International adoptions' shift to special-needs kids tests adopters

When Missy Belote and her husband first decided to adopt, they sought a healthy baby girl from China. They didn't think they could handle a child with special needs.

But after raising an adopted boy from Vietnam and a girl from Ethiopia who suffered childhood ailments — crossed eyes, breathing problems, a stomach hernia — the couple changed their minds.


The Belotes' youngest child joined them in Tennessee in December, a tiny boy from China with a cleft lip and palate. Missy is thrilled to parent "a fabulous kid." And if they were still pursuing a "healthy" baby, she said, they'd still be waiting.

As countries have clamped down on international adoptions — some alarmed by reports of parental coercion and kidnapping — older children with special needs make up a growing share of those who find homes across borders, according to a new report from the Donaldson Adoption Institute. The shift has created challenges for adoptive parents that the system has yet to adjust to, researchers at the nonprofit think tank found.

"The world of international adoption is radically different than people realize," said institute President Adam Pertman. "They think they're getting little girls from China," not older children with more challenging needs.

"That doesn't mean these kids don't deserve homes or that people can't handle it," Pertman added. "But they need support."

In an online survey of more than 1,000 parents, nearly half said their most recently adopted child has or had special needs, including physical, mental or emotional challenges. Fewer than a quarter had sought a child with such needs; many were diagnosed after they were adopted.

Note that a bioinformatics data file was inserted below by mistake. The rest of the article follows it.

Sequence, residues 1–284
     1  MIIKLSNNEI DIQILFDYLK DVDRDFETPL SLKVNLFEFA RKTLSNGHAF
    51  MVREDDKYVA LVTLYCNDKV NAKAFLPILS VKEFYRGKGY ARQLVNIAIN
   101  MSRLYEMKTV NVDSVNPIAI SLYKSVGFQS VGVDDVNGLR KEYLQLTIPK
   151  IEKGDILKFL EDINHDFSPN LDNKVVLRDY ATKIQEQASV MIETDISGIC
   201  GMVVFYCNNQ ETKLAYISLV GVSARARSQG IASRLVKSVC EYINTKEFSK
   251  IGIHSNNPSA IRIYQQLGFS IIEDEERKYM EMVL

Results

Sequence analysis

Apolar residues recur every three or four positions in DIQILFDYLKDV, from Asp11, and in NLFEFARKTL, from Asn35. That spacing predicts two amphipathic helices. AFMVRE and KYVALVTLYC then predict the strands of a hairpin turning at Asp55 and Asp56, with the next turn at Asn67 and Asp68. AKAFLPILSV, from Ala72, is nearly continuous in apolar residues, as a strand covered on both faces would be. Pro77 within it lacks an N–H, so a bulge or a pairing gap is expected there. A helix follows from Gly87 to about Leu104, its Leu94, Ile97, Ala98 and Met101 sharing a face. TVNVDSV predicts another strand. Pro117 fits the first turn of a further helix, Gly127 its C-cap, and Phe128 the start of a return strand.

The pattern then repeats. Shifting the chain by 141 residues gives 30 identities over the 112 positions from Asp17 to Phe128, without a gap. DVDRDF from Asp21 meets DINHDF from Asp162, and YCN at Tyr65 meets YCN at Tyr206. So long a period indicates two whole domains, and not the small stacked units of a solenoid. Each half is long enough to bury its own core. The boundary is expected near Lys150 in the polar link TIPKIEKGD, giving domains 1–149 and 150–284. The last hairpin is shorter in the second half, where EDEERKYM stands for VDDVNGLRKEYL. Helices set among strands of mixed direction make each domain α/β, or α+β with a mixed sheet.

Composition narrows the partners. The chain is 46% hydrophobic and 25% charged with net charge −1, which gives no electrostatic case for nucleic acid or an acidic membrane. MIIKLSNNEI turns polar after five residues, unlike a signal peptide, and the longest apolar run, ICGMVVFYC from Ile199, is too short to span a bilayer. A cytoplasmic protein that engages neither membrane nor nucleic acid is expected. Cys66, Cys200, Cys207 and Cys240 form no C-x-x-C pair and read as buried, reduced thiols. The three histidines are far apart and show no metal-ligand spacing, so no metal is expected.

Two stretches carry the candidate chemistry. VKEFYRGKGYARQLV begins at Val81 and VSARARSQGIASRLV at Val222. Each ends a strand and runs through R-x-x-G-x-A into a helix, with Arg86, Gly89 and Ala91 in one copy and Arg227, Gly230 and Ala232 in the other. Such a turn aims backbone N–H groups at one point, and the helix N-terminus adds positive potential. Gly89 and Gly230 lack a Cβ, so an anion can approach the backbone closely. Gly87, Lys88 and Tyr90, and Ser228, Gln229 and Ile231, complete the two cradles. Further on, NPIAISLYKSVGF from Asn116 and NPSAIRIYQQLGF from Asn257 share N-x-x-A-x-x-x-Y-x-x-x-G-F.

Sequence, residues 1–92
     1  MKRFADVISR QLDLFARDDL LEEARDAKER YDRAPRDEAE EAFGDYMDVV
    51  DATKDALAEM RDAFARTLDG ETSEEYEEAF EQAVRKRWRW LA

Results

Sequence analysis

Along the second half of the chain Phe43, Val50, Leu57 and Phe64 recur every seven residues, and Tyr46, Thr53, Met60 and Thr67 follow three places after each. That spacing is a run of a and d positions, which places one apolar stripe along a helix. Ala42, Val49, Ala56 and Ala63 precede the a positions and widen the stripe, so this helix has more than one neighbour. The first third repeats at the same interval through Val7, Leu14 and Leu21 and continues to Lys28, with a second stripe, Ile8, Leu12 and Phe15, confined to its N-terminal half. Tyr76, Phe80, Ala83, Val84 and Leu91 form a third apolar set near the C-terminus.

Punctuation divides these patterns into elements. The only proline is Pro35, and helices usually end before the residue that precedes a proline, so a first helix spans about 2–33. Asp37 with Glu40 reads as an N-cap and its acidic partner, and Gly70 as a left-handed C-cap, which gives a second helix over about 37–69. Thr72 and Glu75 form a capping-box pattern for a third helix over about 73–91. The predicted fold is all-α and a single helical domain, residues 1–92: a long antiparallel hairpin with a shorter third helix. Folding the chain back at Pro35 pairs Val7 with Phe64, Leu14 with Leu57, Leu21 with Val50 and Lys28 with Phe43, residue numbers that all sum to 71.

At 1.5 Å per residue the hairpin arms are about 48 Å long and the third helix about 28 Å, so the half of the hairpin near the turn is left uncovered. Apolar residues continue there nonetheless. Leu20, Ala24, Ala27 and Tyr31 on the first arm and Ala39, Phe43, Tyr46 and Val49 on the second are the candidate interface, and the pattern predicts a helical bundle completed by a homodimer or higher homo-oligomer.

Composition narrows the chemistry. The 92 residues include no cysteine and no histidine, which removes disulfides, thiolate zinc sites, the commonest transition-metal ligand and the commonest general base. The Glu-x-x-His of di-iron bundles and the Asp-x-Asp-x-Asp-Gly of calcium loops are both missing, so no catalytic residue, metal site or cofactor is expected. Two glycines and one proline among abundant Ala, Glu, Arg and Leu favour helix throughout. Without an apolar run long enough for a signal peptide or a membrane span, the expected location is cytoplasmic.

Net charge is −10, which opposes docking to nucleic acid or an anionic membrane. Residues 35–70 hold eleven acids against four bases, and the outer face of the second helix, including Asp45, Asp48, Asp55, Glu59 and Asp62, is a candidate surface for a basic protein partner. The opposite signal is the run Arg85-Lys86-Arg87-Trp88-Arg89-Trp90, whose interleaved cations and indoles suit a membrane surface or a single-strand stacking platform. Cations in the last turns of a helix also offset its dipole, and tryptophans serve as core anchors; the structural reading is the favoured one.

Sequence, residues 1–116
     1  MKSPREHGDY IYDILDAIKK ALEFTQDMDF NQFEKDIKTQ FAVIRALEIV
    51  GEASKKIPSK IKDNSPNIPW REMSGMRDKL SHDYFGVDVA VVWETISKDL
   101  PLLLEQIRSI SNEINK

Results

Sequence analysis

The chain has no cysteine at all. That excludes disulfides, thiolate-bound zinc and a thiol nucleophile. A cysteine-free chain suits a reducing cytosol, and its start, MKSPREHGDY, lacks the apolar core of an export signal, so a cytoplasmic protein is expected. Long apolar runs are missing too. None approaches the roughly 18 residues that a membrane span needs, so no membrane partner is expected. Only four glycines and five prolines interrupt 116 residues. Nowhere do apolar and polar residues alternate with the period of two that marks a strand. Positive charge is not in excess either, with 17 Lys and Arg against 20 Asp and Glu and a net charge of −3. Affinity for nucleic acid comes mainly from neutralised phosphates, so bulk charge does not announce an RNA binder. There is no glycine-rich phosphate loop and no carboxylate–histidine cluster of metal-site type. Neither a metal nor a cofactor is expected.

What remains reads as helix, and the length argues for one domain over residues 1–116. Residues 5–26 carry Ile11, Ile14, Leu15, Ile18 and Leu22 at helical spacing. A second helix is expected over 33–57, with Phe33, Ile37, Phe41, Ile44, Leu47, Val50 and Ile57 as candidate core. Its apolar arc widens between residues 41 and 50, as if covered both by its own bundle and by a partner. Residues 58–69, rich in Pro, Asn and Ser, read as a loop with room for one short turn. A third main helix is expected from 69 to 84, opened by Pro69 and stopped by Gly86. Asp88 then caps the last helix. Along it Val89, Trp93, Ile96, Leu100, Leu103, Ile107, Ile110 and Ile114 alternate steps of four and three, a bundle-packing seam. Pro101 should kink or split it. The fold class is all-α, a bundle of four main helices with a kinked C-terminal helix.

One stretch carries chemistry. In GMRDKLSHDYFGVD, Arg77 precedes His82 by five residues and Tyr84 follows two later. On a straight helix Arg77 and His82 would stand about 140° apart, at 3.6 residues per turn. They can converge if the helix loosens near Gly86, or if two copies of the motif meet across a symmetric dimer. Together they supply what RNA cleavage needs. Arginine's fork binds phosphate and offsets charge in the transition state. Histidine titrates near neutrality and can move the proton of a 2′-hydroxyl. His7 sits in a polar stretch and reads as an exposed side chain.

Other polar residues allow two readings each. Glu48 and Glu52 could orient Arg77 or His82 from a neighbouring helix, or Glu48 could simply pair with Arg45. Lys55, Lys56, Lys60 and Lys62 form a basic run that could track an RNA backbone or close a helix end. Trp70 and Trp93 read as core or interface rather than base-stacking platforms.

Researchers cautioned that those percentages may be artificially high because parents of children with special needs may have been more interested in participating in the survey. However, the number of such adoptions appears to have surged as many countries try to find more homes for children within their borders.

In China, for instance, "it seems that domestic adoption has grown more popular," said Peter Selman, a visiting fellow at England's Newcastle University. "And those domestic adopters want to have the babies."

As a result, foreign families are increasingly likely to be adopting older children with added needs. In 2005, 9% of children adopted from China had special needs; by 2009 the number had jumped to 49%, according to figures provided by Selman.

Karen and Doug Yingling of Orange County have adopted three girls from China, including one diagnosed as mentally delayed and one who had suffered severe burns. The Yinglings had help with their medical needs, Karen said, but were taken aback by the depth of their daughters' emotional trauma.

Telling one of her girls, '"You can't wear that shirt,' could send her into a three-hour rage," Karen said. She considers herself lucky to have had supportive friends, because as an adoptive parent, "If you say, 'I need help,' many people go, 'You asked for this.'"

More than half of parents who needed extra help said they had to seek out services on their own, the survey found. The institute recommended that adoptive families be given more support when raising children with special needs, calling recent reports about desperate parents "re-homing" their adopted children "a cautionary tale" about the risks of leaving families adrift.

"We can't just place the child and be done," said Spring Hecht, vice president of social services for the World Assn. for Children and Parents, an adoption agency based in Washington state. Hecht said her organization had helped some families years after adoptions.